Fried camembert with hot cloudberry jam and parsley

Long time no post, and to “celebrate” my comeback on the blog I’ll give you a highly prized and hard-to-find treat. A classic – and easy to make – Swedish dessert from the 70’s, but still going strong: Deep fried camembert with parsley and hot cloudberry jam.

The orange-yellow cloudberry resembles the raspberry and is commonly found in wet bogs and mashes in the northern parts of Scandinavia. This exclusive berry is often called the “Nordic gold” and makes an exquisite jam.


Those of you who, unlike me, don’t live in a cloudberry tight area, nor has a Scandinavian deli around the corner can always try IKEA in search of the jam.

Deep fried camembert with cloudberry jam and fried parsley

Fried camembert with cloudberry jam2


I won’t give any measures, just adjust to the numbers of servings.

  • Camembert cheese (or brie will do too)
  • Flour
  • Egg
  • Panko or breadcrumbs
  • Rapeseed oil
  • 1 bunch parsley/2-3 servings
  • Cloudberry jam (or jam of your own choice)


Start by washing the parsley and shake it dry in a clean tea towel. Be sure there is no surface moisture left or it will spit nastily when later hitting the hot oil.

Cut the chilled camembert (or brie, as I am using this time) into equally sized wedges.

Camembert cheese

Pour flour into a plastic bag, add the cheese wedges and carefully shake until the pieces are coated all over.

Coated with flour

Beat the egg in a bowl and sprinkle the panko or breadcrumbs onto a plate.

Dip the wedges in the egg,

Dip in egg

and roll in panko or breadcrumbs until completely coated.

Coated in panko

Place the coated pieces  on a plate, cover with cling film and place in the fridge.

Heat the cloudberry jam (or jam of your own choice).

Heat the rapeseed oil in a deep-sided, heavy-based pan until a breadcrumb sizzles and turns golden-brown when dropped into it. The oil should come at least 2-3 cm up the sides of the pan.

Fry the camembert wedges (two at a time) until crisp and golden. If the oil isn’t deep enough to cover the pieces, turn them and make sure all five sides are fried.

Frying camembert

Remove from the pan using a slotted spoon and set aside to drain on kitchen paper.

Add the sprigs of parsley into the oil and fry until crisp and brittle. Remove and drain on kitchen paper.

Plate up.

Fried camembert with cloudberry jam_redigerad-2A bite



Swedish Cheesecake Day

According to the Swedish calendar November 14 is the day when Emil and Emilia are the names of the day meaning that all boys named Emil and all girls named Emilia can celebrate a little extra.

Since 2004, November 14 is also the Swedish Cheesecake Day or ‘Ostkakans dag’. Cheese means ‘ost’ in Swedish and cake means ‘kaka’, cheesecake, but not as in ‘American cheesecake’.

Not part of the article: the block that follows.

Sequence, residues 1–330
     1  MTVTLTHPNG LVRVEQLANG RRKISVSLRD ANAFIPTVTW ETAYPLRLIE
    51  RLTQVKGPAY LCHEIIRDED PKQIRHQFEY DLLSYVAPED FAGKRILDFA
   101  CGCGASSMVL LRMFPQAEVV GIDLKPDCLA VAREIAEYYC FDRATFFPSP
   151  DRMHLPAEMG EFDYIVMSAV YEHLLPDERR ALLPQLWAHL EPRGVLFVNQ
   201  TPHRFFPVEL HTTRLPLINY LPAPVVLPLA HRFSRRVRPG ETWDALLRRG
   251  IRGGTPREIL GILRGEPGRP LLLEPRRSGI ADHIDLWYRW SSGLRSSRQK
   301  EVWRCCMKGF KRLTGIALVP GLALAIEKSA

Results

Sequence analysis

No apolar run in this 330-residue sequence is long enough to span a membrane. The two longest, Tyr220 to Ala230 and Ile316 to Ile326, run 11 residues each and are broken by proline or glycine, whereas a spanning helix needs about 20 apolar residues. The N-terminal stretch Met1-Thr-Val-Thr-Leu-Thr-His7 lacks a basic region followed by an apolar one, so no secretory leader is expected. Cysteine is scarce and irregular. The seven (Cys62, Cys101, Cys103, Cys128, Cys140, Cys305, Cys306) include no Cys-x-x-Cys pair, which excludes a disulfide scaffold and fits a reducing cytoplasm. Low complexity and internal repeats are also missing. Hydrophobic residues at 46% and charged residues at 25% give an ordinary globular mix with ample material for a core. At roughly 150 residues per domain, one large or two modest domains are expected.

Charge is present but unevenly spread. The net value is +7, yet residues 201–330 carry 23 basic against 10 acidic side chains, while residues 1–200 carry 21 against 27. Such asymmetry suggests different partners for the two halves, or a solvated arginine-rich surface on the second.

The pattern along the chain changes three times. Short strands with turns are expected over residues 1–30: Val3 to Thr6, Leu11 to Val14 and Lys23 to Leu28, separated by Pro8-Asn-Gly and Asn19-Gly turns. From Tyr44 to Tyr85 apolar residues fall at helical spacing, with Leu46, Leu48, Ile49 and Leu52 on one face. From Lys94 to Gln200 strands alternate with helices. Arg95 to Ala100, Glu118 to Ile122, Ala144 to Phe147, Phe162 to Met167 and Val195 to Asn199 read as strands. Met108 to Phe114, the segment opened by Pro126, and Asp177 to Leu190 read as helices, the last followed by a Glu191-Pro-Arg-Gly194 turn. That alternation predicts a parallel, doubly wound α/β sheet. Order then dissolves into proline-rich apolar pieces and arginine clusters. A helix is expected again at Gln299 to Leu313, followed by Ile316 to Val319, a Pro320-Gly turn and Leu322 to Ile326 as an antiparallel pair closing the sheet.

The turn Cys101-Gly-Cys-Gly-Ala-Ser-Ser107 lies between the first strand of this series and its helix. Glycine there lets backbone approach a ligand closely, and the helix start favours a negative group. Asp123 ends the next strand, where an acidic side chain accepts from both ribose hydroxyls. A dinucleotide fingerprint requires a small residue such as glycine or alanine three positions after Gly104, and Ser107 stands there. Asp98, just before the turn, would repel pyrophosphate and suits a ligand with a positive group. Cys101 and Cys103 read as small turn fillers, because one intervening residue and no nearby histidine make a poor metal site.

The Swedish cheesecake is traditionally produced by adding rennet to milk and letting the casein coagulate. Then cream, sugar, eggs, flour and almonds are added to create a batter, so I suppose a more correct translation would be ‘curd cake’.

Since the process of curding milk is somewhat complicated I’ve instead simplified the recipe by using cottage cheese as a base to simulate the curd texture of the dessert.

So here is to all you Emils and Emilias out there, a real Swedish ‘Ostkaka’ to celebrate your name day!

Swedish Cheesecake

Ostkaka, served with cloudberry jam


Ostkaka, ingredients

  • 500 grams cottage cheese
  • 50 grams chopped or ground hazelnuts or almonds
  • 2 bitter almonds
  • 100 ml sugar
  • 1 heaped teaspoon vanilla
  • 300 ml creme fraiche
  • 4 eggs, divided into yolks and whites
  • 6 tbsp flour


  • Preheat oven to 175 degrees
  • Mix the cottage cheese quickly with hand blender and add the creme fraiche.

Ostkaka, cottage cheese

  • Add egg yolks, flour, sugar and vanilla and mix thoroughly.

Ostkaka, batter

  • Add the ground hazelnuts and bitter almonds.

Ostkaka, almonds

  • Beat the egg whites until they form stiff peaks (do the upside down-test) and fold gently into the batter.

Ostkaka, eggwhites up side down

Ostkaka, fold in eggwhites

  • Pour batter into a greased tin and bake for 50 to 60 minutes. Cover with waxed paper if the surface tends to burn,
  • Serve luke warm with jam and whipped cream.

Ostkaka, 3 kinds of jam

Ostkaka, served with cream and jam

Salmon and beetroot patties with parsley creme – and strawberries for dessert

For the last couple of weeks winter has taken a new, tight grip on Sweden with cold icy winds and night temperatures down to minus 20°C. Thus a perfect opportunity to check what’s actually in the freezer, clean and defrost it while the food can still keep cold outside on the balcony.

Was I amazed at what I found in there on the shelves? Yes, to say the least. Since long forgotten lunch boxes that could almost walk out of the freezer on its own, tiny bags of “handy-stuff” left overs as grated cheese, herbs, slices of frostbitten bread, a hot dog, a salmon, a bag of chicken drumsticks and last but not least lots and lots of berries; blueberries, strawberries, cloudberries, lingonberries, cranberries and raspberries. I pick and pick and fill the freezer up but can never bring myself to make something out of all those berries because I never know if I will find new ones next summer.

It is a quick fix to thaw a salmon fillet, so I decided to let that one become the backbone of the dinner together with shallots, capers and beets that I found in the fridge. And for dessert some of those strawberries with vanilla quark and crumbled Finn crisp.